Saturday, March 29, 2014


My Beloved Wife and I took Middle Son, Youngest Son, and Willow (Middle's service dog) to the Muppets Most Wanted at a sensory-friendly showing this morning.

Middle, who is profoundly autistic, loves the Muppets.  If it was up to him we'd have the Muppet Show playing 24x7 at our house.  When we got out of the van at the theater Middle was very excited.  I don't know if he knew that we were going to see a new Muppet movie and that was what he was excited about, or if he was excited because he knows that he will get candy and ice cream when we go to the movies.  Either way, he was happy.

Everyone enjoyed the show.  I saw Middle and Youngest both swaying to the music at various points.  Even Willow seemed to be watching the movie some of the time.

Friday, March 28, 2014


My Beloved Wife was very excited when I got home tonight.

When Middle Son arrived, she had just finished washing her hair and it was still wet.  Middle touched it and looked at her.  When she told him she had washed it, he smiled and went on to getting a snack.

She said "That's the first time he's asked me a question!"

It is exciting to see how he is getting more engaged with our enlarged, blended family.

Wednesday, March 26, 2014

By name

I'm reading Why I Jump, by Naoki Higashida.  Higashida has autism and was thirteen when he wrote the book.  The first part of the book is written in question and answer format.  Question # 14 is "Why do you ignore us when we are talking to you?"

His answer is that he has trouble telling when people are talking to him.  He makes an analogy to vision--if you are looking at a mountain in the distance you don't see the dandelion at your feet, and vice versa.  He says that for him voices are like that.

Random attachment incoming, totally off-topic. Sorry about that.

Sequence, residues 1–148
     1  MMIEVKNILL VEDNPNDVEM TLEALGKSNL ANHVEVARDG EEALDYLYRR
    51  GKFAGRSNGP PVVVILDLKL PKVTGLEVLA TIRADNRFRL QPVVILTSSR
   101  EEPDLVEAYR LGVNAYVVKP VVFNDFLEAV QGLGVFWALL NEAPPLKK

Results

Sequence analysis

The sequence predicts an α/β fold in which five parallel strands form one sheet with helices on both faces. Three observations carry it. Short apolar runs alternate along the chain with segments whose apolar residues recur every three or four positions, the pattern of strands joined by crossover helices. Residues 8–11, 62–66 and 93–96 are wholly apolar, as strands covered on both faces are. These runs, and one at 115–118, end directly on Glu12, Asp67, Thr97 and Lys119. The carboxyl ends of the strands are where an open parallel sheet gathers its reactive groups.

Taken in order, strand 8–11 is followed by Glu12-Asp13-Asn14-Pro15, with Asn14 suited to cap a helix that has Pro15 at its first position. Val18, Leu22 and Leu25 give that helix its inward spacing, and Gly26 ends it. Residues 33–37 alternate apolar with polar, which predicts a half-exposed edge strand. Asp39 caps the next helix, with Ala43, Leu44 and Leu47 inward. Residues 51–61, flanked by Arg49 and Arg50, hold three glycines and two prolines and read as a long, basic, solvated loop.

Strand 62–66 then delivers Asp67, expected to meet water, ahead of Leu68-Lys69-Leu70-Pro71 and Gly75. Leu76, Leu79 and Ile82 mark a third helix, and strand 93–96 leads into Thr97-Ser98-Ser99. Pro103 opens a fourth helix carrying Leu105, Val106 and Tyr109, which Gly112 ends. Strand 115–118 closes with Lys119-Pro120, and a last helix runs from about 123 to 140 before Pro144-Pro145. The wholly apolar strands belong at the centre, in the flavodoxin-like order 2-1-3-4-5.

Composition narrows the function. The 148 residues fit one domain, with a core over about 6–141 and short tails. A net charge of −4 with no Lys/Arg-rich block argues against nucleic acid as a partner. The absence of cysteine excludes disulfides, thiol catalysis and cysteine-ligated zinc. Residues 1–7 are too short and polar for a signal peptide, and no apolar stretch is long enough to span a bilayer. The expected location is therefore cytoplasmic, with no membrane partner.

Then he makes a recommendation/request.  "Use our names first to get our attention, before you start speaking to us."

This struck a chord for me.  I try very hard to do this with Middle.  Especially when I'm asking him to do something, and most especially when I'm teaching him something new.

I say his name.  Then I wait for him to look at me before I say anything else.

Monday, March 24, 2014

Wrong backpack

Middle Son's back pack was accidentally left in the nanny's car over the weekend.  So this morning we had to give him a different back pack.

He did not like it.  I gave it to him and he shoved it back at me.  I did eventually get him to take it, but he was clearly distressed that it was not the right one.

Sunday, March 23, 2014

IEP Meeting

We had our first IEP meeting for Middle Son at his new school (in our new school district) last week.  There were several noteworthy things.

First off was his use of his iPad.  He is doing much more with it than he has previously.  They described what he is doing.   They showed me how they have the communication app set it up.  Middle is using it to ask for breaks, to choose activities, and to select his lunch.  This is an order of magnitude more than we've seen him do before.  I am setting it up for him to use at home.  Now that My Beloved Wife is staying home we can put a lot more effort into using it with him at home.

Second was the way they interacted with Middle.  They had him "sign" his name on the papers.  They brought a puzzle along to give him something to do during the meeting.  They also had him play a game on the iPad (not his iPad, one of the teacher's).  He actually seemed interested in the game, which is also noteworthy.

Third, and perhaps most important, was the resources that the Bellevue School District has available and their attitudes about using them.  His IEP said that he is not eligible for Extended School Year (summer school).  We discussed that.  I said that I'd like him to do ESY.  The program administrator said that they can create an exception based on the fact that Middle is new to the district.  Then she opened up her laptop and wrote up the exception on the spot.  This is very unusual.  ESY costs money.  Schools usually resist spending money.  Later we were talking about Middle's iPad.  They asked if we were backing it up.  We are not.  I mentioned that I want to buy a second iPad for him.  That way he has back up hardware.  The speech pathologist said she could write a grant for him.    The school district could provide one that he could take home.  Including over the summer.  Which costs money.  Which would require a fight in most school districts.  And they did in a casual, off-handed manner.

We paid a premium when we decided to rent a house in Bellevue, largely because of the quality of the schools.  Bellevue has some of the best-rated public schools in the country.  I see why.

I am thankful that we can afford to live here.  Middle (and Oldest) can have so much help available to them that they didn't have in our old district.